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An Uproar Among The Warring Board Members Of @realty

The ever-widening Gold Coast money laundering scandal, involving billion dollars of “suspicious transfers” over nine years, is not only a disaster for the reputation of Australian real estate. It also points to the deep institutionalized corruption in Gold Coast Australia – and the pressurized challenge facing the authorities themselves. James Scott Taylor was extradited to America to face the charges of fraud and money laundering amounting millions of dollars. The fate of the fugitive tycoon, who has been wanted since 2007 was decided by the Court recently. Adding salt to the wound, Philip “Graeme” Downie was suggested by Taylors to the board and he sided with the majority (Taylors) with no regard to company or shareholders. He has used position to get @realty to sponsor the Gold Coast Suns as he was an ex-board member. While stating there was no money for dividends of the board, he contrarily approved the agreement to give exorbitant wage increases to the Taylors, giving James Jeremiah’s mother a job worth $80000.
Let’s walk through a hypothetical transaction, one that might have been used by some of the Australian bank’s customers. Suppose a mid-level bureaucrat has a million dollar project. He asks a supplier to inflate an invoice; instead of billing for the AUD equivalent of $1 million, the supplier bills for $1.5 million. The supplier sends the excess to an Australian account at a bank controlled by the bureaucrat.
The AUD is converted into dollars at an unfavorable exchange rate (money laundering is not cheap). Then the bureaucrat instructs the Australian bank to send the balance to a New York bank where an account was opened during, say, a US shopping trip. Fearful that the US bank might think the payment suspicious, the minister’s legal agent in New York orders the money transferred to an account in a location like the NY Virgin Islands.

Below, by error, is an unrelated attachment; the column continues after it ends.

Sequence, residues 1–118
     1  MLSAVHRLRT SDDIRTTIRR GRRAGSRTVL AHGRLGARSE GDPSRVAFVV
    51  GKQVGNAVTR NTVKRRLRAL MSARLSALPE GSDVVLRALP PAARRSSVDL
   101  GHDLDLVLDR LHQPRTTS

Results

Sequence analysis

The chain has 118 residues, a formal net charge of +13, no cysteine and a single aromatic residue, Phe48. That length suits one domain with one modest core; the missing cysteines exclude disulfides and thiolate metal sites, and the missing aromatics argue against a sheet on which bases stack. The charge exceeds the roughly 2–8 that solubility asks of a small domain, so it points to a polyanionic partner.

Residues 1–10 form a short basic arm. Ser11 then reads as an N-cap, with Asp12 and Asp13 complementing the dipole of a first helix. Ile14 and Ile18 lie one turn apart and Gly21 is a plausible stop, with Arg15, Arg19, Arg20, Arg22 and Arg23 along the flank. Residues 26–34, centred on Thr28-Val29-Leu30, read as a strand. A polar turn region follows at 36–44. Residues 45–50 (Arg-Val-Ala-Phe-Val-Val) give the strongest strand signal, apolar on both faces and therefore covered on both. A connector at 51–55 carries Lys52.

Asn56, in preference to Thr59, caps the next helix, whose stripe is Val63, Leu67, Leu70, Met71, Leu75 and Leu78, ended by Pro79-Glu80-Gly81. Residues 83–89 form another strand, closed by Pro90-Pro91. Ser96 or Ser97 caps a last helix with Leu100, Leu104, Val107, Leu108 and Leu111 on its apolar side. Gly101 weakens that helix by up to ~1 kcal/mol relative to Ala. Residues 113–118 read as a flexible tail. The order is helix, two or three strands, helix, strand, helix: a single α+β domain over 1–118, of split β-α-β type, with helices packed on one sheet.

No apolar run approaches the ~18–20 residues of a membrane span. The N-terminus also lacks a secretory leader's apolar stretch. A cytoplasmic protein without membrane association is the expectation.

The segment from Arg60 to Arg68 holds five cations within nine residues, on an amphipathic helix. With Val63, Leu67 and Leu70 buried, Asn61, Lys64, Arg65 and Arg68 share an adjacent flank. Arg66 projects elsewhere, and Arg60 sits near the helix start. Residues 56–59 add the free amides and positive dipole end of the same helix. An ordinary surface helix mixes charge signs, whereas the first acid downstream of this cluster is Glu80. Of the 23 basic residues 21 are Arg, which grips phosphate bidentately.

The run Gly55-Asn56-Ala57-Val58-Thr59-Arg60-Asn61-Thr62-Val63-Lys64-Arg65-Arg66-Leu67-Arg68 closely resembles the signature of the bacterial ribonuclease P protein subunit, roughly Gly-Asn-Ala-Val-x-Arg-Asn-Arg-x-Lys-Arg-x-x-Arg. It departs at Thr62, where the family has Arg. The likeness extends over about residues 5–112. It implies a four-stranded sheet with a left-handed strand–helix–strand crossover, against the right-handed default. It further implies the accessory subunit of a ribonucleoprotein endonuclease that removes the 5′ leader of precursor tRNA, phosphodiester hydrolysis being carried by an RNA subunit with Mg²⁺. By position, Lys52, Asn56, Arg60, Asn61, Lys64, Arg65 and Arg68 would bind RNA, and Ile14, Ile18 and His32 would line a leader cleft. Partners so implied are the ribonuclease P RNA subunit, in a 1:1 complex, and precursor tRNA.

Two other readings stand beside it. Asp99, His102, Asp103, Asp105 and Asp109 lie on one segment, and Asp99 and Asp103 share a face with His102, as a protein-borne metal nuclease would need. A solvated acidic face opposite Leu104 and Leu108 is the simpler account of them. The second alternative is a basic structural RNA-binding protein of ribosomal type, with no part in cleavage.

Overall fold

But tax havens sometimes raise governmental regulators’ eyebrows. In order to make the money look “clean”, it needs to move once more. Purchasing real estate in the United States has been a typical next step.
The Australian government has cracked down on such laundering practices in recent years. Shell companies that hide the owner’s identity are now illegal for expensive real estate purchases in major markets like New York and Miami; the UK took similar action this year. Banks are also under growing pressure.
Compliance with global money laundering rules might not end the illegal flow of Australian wealth to the West, but would start to reduce it. Market reforms at home would stimulate new investment. But it’s unclear whether he could rally popular support for such measures – and whether his partners in crime will allow it. What is clear is that the scandal has underscored that Australian economic revival and gradual integration into the global economy hangs in the balance.

Ref =  https://www.afr.com/real-estate/realty-wants-to-pay-ceo-more-give-bosss-wife-80000-job-20180725-h13419

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